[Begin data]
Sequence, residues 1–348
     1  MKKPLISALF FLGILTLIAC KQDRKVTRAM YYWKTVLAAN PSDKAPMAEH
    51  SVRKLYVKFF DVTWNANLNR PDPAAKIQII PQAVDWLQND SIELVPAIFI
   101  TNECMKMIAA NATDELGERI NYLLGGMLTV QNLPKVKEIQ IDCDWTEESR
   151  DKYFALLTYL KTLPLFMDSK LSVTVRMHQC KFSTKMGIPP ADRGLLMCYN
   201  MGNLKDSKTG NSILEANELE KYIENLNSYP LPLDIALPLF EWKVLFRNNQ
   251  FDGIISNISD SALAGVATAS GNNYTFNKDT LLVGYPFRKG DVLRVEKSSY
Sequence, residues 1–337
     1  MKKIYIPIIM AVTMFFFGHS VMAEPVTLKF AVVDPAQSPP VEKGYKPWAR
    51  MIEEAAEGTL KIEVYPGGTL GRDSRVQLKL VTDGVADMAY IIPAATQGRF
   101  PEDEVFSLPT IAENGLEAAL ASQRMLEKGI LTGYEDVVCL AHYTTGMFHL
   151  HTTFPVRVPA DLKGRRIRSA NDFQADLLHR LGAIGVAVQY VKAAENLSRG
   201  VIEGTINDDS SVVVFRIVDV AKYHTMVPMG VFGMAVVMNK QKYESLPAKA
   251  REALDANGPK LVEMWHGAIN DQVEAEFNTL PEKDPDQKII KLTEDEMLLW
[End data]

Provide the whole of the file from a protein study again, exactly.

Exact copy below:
Sequence, residues 1–348
     1  MKKPLISALF FLGILTLIAC KQDRKVTRAM YYWKTVLAAN PSDKAPMAEH
    51  SVRKLYVKFF DVTWNANLNR PDPAAKIQII PQAVDWLQND SIELVPAIFI
   101  TNECMKMIAA NATDELGERI NYLLGGMLTV QNLPKVKEIQ IDCDWTEESR
   151  DKYFALLTYL KTLPLFMDSK LSVTVRMHQC KFSTKMGIPP ADRGLLMCYN
   201  MGNLKDSKTG NSILEANELE KYIENLNSYP LPLDIALPLF EWKVLFRNNQ
   251  FDGIISNISD SALAGVATAS GNNYTFNKDT LLVGYPFRKG DVLRVEKSSY
Sequence, residues 1–337
     1  MKKIYIPIIM AVTMFFFGHS VMAEPVTLKF AVVDPAQSPP VEKGYKPWAR
    51  MIEEAAEGTL KIEVYPGGTL GRDSRVQLKL VTDGVADMAY IIPAATQGRF
   101  PEDEVFSLPT IAENGLEAAL ASQRMLEKGI LTGYEDVVCL AHYTTGMFHL
   151  HTTFPVRVPA DLKGRRIRSA NDFQADLLHR LGAIGVAVQY VKAAENLSRG
   201  VIEGTINDDS SVVVFRIVDV AKYHTMVPMG VFGMAVVMNK QKYESLPAKA
   251  REALDANGPK LVEMWHGAIN DQVEAEFNTL PEKDPDQKII KLTEDEMLLW